... end user links the module into the kernel, creating a work that can't be legally distributedIt's rather similar to the arguments Napster tried to use,
Actually, it's simpler than that. Although I've never seen how it fits into copyright law, US copyright law gives the author the right to control "preparation of derivative works." Even if you prepare it just for your own use, apparently. Stallman thought that was one of the greater threats against software freedom. I remember the argument being used against a person who was editing people's personal copies of Titanic video tapes to remove the R rated content (but I don't know if it succeeded).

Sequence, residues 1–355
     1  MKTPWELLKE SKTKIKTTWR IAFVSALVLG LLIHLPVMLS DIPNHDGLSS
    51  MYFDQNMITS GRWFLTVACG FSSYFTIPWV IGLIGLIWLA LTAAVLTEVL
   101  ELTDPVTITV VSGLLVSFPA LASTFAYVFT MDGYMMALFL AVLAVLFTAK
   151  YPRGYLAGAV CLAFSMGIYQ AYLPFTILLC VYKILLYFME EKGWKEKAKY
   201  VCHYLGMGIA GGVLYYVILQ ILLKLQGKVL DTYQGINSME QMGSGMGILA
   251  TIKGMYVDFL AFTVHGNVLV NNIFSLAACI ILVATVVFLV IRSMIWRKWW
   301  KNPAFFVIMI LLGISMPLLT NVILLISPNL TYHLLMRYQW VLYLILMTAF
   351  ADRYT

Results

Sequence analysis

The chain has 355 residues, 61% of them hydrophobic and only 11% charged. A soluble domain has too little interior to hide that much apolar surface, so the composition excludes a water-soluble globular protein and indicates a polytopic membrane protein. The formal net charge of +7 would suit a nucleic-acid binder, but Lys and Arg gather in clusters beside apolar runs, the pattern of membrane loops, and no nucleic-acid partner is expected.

But I'm surprised that Moglen believes everyone agrees that GPL doesn't permit linking non-GPL modules dynamically. From reading LWN, I believe it's a well established fact that there's disagreement on that.
Of course, we don't actually know Moglen believes that. We just know that he said he does. At least one other place in the interview, he uses rhetoric over clarity. He says he didn't say anything about SCO's reasons for leaving GNU alone, then makes it clear in the next sentence, using the word "because" instead of "reason," that he did.
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